• Mortgage market sees the highest approval rates since 2007. 
  • Homebuyers and investors rush to beat the stamp duty holiday deadline.
  • Interest rates could drop slightly in 2021.

Mortgage approval rates

Recent Bank of England figures revealed that 105,000 mortgages were approved by building societies and banks in November – the highest level since August 2007. The approvals increase was up from 97,532 one month earlier in October and tenfold since May when numbers plummeted to 9,400.

Homebuyers and investors rush to beat the stamp duty holiday deadline

Recently, the recovering strength in mortgage borrowing shows the keen desire of many to take advantage of the stamp duty holidayThe Government put the stamp duty holiday in place to help buyers when many are facing the coronavirus’s financial hardships.

According to Chancellor Rishi Sunak the average stamp duty savings have been £4,500 and, with the policy, nearly nine out of ten home buyers pay no stamp duty at all. Now the tax holiday is coming to an end the number of property sales has continued to rise, putting pressure on lenders to keep up with the demand. 

The spike in demand has put mortgage approvals at record levels, which almost offset the decline at the COVID-19 pandemic. In 2020, there were 715,300 house purchase approvals before November, close to the 722,000 seen in the same period in 2019.

Kate Faulkner, housing expert, predicts ‘a lull in activity in April and May if the stamp duty holiday isn’t extended’ but remains optimistic that ‘there is enough demand for 2021 to deliver another good year for transactions.’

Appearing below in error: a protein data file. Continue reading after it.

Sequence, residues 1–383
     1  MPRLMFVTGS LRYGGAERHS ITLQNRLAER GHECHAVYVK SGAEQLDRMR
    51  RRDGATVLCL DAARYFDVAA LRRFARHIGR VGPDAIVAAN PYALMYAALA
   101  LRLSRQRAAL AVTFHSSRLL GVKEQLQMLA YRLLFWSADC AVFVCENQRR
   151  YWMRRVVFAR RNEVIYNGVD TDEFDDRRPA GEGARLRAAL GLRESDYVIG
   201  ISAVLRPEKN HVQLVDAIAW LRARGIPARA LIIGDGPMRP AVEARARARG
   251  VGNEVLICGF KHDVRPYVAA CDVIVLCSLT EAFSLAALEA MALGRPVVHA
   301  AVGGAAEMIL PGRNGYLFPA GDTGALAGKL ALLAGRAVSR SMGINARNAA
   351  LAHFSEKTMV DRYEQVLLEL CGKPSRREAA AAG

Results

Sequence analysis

Mortgage products 2021

As lenders are gaining more confidence, there has been a rise in the number of mortgage products available. Homebuyers and investors will continue to embrace the additional option of mortgages on offer throughout the year.

First-time buyers

The added competition in the sector affects buyers with smaller deposits the most. First-time buyers have particularly struggled to obtain mortgages since the coronavirus outbreak, but if they have at least a 10% deposit, there are now more opportunities coming to the market. 

Loan-to-value

In 2021, 95% loan-to-value (LTV) mortgages are expected to remain almost obsolete. These mortgage products will only be used by first-time buyers getting their homes through the Help to Buy scheme. The absence of 95% LTV mortgages may require some buyers to postpone their purchasing plans.

Interest rates 

During 2020, mortgage interest rates stayed competitively low, but recently interest rates have started to rise. Throughout 2021, more lenders are predicted to come back to the market, creating more competition in the sector. If this happens, interest rates could fall slightly in 2021.

Rachel Springall, finance expert, says:

“While there is still a long way for mortgage availability to reach pre-coronavirus levels, it’s continuing in the right direction… with interest rates expected to remain low, 2021 could be an effective time to secure these competitive mortgage rates.”